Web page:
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Haftarah: Korach: Prophet to King

Samuel I 11:14-12:22: The Children of Israel no longer wanted a prophet at their helm. The days of Moshe the prophet-king, Joshua the prophet-warrior, the instability of the era of the Judges, and Samuel the prophet of the people, were over. Samuel had led the people to greater spiritual awareness and demonstrated that the result of their heightened awareness was victory over their despised Philistine enemies. But the people did not want what Samuel had to offer. They did not want to live under a prophet who demanded spiritual awareness and integrity as a condition for victory and stability.

Samuel’s generation was the opposite of Korach. The latter understood and appreciated the demands and advantages of living with a Moshe, prophet-king. Korach and his followers thrived as they strove to meet the spiritual demands of their awesome leader. But can one human being, no matter how incredible, measure and direct the spiritual longings and growth of millions of people, many of whom were spiritual giants in their own right?

The generation led by Moses wanted more, they wanted too much, they reached too high, and they were swallowed up by the earth or burned by their own passion. The generation led by Samuel wanted no part in such an existence. They simply wanted to live “normal” lives. They understood that the king they demanded to replace Samuel had to be appointed by Samuel. They were not rejecting Samuel, but the demands his existence made on the generation.


The transition from Samuel to Saul, from Prophet to King, with even greater implications than a transition from Bush to Obama, had already begun. Samuel introduced Saul as the new king and some people were unhappy with the quiet, modest and uncharismatic Saul. How interesting that once they could demand a new type of leader they felt comfortable in insisting on approving the leader. (Samuel I 10:27) It certainly feels empowering to minimize the power of the prophets. The prophet speaks for God. It’s too risky to argue. The dissenters did not even realize that their half-hearted acceptance of Saul was a rejection of Samuel’s voice. The link between prophet and people was weakening, and it happened under the leadership of Samuel.

This Haftarah offers insight into Samuel’s feelings and reflections at this critical juncture in the political and spiritual lives of the Jewish people:

Moshe renewed the Covenant with God before he handed the reigns over to Joshua. He had no choice but to step aside for the new leader as he was dying. Joshua renewed the Covenant again before he died. (Joshua, Chapter 24)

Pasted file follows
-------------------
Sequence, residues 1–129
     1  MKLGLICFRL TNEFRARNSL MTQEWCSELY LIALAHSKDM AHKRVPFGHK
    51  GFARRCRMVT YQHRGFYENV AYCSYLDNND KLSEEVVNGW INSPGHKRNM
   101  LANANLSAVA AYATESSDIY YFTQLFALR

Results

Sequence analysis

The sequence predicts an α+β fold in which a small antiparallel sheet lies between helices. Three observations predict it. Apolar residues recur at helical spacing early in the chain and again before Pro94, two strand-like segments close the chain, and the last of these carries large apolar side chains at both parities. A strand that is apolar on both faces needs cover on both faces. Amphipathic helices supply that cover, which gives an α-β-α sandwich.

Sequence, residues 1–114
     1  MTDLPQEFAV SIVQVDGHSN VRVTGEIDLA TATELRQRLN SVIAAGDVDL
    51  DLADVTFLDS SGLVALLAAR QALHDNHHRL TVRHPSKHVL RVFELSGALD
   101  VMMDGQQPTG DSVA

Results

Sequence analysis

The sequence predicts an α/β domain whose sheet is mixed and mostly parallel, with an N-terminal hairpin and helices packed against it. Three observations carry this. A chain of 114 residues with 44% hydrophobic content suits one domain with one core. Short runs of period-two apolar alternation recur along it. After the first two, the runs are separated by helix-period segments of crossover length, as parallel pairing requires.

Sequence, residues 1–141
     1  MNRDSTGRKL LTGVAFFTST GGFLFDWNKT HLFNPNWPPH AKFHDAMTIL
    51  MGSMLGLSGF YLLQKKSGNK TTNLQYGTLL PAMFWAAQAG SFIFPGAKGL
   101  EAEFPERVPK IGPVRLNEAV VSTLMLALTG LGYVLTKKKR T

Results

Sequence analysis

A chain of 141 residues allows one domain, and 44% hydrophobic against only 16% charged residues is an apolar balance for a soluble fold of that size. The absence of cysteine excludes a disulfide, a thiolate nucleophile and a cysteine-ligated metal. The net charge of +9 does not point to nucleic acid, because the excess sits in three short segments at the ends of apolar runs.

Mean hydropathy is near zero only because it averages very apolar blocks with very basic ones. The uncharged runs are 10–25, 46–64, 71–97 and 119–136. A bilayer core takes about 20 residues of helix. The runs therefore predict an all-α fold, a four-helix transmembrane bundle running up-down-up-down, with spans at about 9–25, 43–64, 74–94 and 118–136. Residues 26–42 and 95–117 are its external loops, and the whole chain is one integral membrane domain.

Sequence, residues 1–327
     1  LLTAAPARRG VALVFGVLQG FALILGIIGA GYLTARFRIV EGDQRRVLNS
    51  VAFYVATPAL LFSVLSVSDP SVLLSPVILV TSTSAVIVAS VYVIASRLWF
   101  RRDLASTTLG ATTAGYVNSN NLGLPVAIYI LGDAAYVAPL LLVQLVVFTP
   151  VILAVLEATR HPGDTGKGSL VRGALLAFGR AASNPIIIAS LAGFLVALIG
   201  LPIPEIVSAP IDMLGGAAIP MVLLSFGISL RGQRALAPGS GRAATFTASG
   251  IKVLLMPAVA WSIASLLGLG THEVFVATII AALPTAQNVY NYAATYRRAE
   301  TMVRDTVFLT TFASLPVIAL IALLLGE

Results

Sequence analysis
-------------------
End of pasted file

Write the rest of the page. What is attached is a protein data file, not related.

Samuel felt old, but he was not dying. His leadership was rejected not personally, but in his role as a prophet. “Then Samuel said to the people, “Come and led us go to Gilgal, and let us renew the kingdom there.” (Samuel I 11:14) Samuel gathered the people in the very spot where Israel camped immediately after crossing the Jordan. As the people streamed into Gilgal from all over Israel they saw Joshua’s Twelve Stone Monument. The gift shop postcards all quoted Joshua; “When your children ask their fathers tomorrow, saying, ‘What are these stones?’ you should inform your children saying, “Israel crossed this Jordan on dry land. For God, your Lord, dried up the waters of the Jordan before you until you crossed, as God, your Lord, did to the Sea of Reeds, which He dried up before us until we crossed.” (Joshua 4:21-24)

Samuel gathered the people in a spot reminiscent of another great transition, one that led to great achievements and new horizons. He was angry and disappointed. The prophet of God was concerned, but he did not deny the possibilities of the future they had chosen.

“Your choice of a king rather than a prophet is risky.” Samuel never took anything from anyone. A king will be able to confiscate property and draft soldiers and workers at will. A prophet will demand adherence to the Covenant with God. Now the people would be subject to the whims of their king. The prophet can change the course of nature to help or to rebuke the nation, as Samuel so powerfully demonstrates in this story. A king will only be able to change himself.

The Korachs of the world want to live defined by their spiritual accomplishments. Their souls and their hearts soar, often, as with Korach, too high. Samuel’s generation cannot bear to live with such spiritual awareness. They enjoy the benefits of prophecy but do not want a prophet at the helm demanding spiritual integrity.

Which of the two do we prefer?

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